Refugees have always been a part of the UK, and of Birmingham. It’s who we are.
Here are just a handful of the generations of refugees who have come to our city and have helped change it for the better:
In the First World War, Belgian refugees were given sanctuary at Uffculme in Moseley.
In the 1930s, Jewish children were brought to the UK via the Kindertransport. In Birmingham, teenagers were given training and apprenticeships as well as accommodation to help them build a new life, including at Fircroft College which today offers adult education.
Following the Second World War, Polish refugees came to Birmingham to escape persecution by the Soviets. Millennium House in Digbeth is now a hub of Polish culture, including a restaurant.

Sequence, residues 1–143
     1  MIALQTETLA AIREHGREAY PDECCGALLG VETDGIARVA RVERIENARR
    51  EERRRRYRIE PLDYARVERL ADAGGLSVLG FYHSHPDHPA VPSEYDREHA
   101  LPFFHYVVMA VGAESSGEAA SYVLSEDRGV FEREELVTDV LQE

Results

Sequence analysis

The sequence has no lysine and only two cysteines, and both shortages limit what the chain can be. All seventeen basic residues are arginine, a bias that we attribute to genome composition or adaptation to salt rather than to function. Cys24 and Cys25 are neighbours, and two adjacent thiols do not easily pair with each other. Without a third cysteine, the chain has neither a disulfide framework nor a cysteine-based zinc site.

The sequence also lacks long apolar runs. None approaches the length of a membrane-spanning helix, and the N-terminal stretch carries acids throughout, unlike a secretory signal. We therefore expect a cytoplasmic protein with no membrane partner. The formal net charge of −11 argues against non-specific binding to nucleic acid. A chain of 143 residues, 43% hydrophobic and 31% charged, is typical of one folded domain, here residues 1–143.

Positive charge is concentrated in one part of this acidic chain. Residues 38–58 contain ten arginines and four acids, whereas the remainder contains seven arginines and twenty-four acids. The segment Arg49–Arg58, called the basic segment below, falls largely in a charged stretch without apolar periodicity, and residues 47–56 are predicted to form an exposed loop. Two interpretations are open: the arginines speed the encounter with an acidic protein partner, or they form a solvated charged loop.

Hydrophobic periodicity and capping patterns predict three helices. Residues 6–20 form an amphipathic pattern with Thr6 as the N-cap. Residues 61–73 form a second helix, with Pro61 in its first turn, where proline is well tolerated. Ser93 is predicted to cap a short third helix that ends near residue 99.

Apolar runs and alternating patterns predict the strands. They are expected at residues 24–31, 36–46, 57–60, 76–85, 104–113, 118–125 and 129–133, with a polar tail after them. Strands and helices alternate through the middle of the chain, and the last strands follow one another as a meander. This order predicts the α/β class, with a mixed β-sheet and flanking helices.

How can we make sure we keep welcoming future generations?
Today, Birmingham is a City of Sanctuary!
That means we have committed to be a city that:
- Is proud to be a place of safety;
- Includes people seeking sanctuary fully in their communities.
Local organisations, faith & community groups and individuals make a public commitment to being welcoming and inclusive. Many Birmingham schools have joined the Schools of Sanctuary network.
Would your school, workplace or place of worship like to help? You can pledge to show a warm welcome, and get ideas and resources from Birmingham City of Sanctuary.